Wednesday, October 27, 2010

Another Lost Freeform Crochet Treasure!

This is a necklace I made for a freeform crochet jewelry exchange.  It is a multimedia piece with many interesting elements.  The main yarn I used was a one off skein I bought in London when I was a fashion design student.  It was made by my favorite yarn company at that time, called Scheepjeswol.  I loved it for its subtle changes in color, and saved it for several years before the perfect project came along!  I also used some elastic thread I found at a sporting goods shop in the fishing supplies section.  One of the fun things about freeform, is that nothing is off limits as far as materials go!  At the other end of the  spectrum, I used some fine silk yarn, and chenille for accents.  The 3 main medallions are different, but use the same yarns and are close in shape.

Below is a close-up of the pieces I created by cutting shapes out of leather scraps and then gluing wooden buttons on top that had been decoupaged with images that I found in magazines.  This project combined my love of crochet and collage making!  For the finishing touch, I embellished the necklace with a few iridescent seed beads along the band of the necklace, which gave life to the colors in the yarn.  This was my first multi-media necklace, a necklace that showed me that creativity knows no bounds!

Wednesday, October 20, 2010

Genevieve's Bracelet (an adaptation of Genevieve's Belt pattern)

                                           Photo by Joe Coca
I was asked by Interweave Crochet to make a swatch to be sent with my "Genevieve's Belt" sample, and it occurred to me that I could make the swatch into a bracelet.  That way it would be two patterns in one!  I wasn't sure if the magazine would include it in the photos, so when I saw it in the preview, I was ecstatic!  They weren't able to include my instructions in the magazine for how to make the belt pattern work for a bracelet, so I thought I would share the details here.
Please note:  you must refer to the instructions for "Genevieve's Belt", found in the Interweave Crochet Accessories 2010 Special Issue, in order to make this bracelet.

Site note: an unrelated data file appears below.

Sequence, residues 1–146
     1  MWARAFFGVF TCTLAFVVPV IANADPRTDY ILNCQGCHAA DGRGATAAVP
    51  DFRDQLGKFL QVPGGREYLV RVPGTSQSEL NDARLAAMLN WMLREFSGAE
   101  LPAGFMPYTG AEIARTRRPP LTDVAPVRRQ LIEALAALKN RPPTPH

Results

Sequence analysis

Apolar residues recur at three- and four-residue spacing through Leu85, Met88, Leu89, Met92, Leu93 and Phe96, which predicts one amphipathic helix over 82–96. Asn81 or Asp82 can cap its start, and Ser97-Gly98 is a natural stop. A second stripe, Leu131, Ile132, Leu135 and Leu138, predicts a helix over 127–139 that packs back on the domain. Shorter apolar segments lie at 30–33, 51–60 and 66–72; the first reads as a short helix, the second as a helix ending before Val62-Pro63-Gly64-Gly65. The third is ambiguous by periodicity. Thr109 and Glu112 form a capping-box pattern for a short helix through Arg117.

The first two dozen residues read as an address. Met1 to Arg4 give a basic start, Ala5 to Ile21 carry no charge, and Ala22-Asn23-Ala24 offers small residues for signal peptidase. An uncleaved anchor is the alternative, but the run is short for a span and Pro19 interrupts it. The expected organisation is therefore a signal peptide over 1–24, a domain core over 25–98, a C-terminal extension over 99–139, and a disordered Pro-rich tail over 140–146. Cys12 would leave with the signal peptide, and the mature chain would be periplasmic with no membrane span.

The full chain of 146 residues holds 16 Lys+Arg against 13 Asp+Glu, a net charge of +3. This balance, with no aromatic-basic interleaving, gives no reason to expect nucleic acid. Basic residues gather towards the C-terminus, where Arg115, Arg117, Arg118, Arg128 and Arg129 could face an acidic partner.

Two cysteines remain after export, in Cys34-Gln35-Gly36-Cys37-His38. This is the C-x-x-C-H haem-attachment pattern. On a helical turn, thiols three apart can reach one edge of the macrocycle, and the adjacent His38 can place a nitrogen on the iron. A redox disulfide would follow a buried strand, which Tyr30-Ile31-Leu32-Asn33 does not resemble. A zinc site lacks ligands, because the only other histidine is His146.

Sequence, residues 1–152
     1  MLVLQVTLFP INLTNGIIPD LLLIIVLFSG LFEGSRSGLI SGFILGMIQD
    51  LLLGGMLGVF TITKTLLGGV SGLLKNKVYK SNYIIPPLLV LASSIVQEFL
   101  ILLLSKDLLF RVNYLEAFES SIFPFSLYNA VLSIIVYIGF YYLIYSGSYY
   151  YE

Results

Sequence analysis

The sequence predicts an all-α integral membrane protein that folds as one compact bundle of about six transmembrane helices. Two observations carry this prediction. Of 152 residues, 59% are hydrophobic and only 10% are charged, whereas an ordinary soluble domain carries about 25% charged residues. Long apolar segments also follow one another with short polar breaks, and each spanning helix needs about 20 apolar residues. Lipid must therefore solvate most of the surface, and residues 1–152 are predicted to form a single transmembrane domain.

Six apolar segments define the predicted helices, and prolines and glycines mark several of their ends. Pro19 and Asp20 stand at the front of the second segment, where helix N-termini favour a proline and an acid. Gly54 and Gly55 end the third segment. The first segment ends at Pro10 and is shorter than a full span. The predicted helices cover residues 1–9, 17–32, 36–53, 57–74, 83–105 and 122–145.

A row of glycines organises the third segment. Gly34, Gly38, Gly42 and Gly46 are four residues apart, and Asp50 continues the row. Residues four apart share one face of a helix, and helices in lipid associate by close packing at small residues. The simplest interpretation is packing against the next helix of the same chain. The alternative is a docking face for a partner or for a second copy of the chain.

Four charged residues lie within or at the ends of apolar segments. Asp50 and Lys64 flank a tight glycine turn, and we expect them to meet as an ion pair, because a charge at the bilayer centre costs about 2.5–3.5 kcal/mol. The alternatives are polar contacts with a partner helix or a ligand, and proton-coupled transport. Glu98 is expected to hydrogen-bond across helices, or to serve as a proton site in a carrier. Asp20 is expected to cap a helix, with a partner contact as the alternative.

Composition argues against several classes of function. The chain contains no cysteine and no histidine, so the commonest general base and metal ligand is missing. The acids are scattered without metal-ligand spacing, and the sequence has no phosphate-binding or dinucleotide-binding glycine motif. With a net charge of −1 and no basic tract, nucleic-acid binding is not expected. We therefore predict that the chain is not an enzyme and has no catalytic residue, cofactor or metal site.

Here are the details for the design adaptation:

A shortened strip and one frame motif (2 "rectangle frames" and 1 "top frame") creates this charming bracelet.

1.   Ch 45 and follow instructions for "belt strip", "belt strip border", "belt strip detail".  Then, make 2 "rectangle frames", and 1 "top frame".

2.  Block all pieces and weave in all loose ends.

3.  Assemble frame motif by stitching the 2 "rectangle frames" together and then stitching the "top frame" on top of them.

4.  Weave the strip through the motif as in the belt pattern, and center it on the strip.

5.  Stitch it to the strip at each end with with invisible nylon thread. Then, sew a (1” w x 3/4” h) piece of velcro on the ends of the strip (one on the right side of the strip and one on the wrong side) to use as a closure.

Friday, October 15, 2010

Second Reveal: "Genevieve's Belt"

                                          Photo by Joe Coca
The other design I have in the Interweave Crochet Accessories issue, is "Genevieve's Belt".  This belt is made up of 3 simple components, that when combined, make a real statement.  Belts are something that you can collect and keep in your accessories wardrobe for years.  So it is well worth the time and effort  to crochet one!  I originally named this belt the "Gallery Belt" because I noticed while blocking the pieces, that they looked like little frames that hold fine art masterpieces in a gallery.  I have plans one day, for another version of this belt with different scenes to be embroidered and crocheted in each frame.  I think it could be stunning!

Below are photos of the original belt I submitted to the magazine.  Luckily, I took some close up shots  so you can see the details.  It is also nice to be able to see it in another colorway.  The only thing I changed in the design was the embroidery stitch used in embellishment.  In the magazine I used a "lazy daisy" stitch, sometimes referred to as a "detached chain" stitch, instead of a straight stitch.  I love this  stitch so much, it has almost become my signature!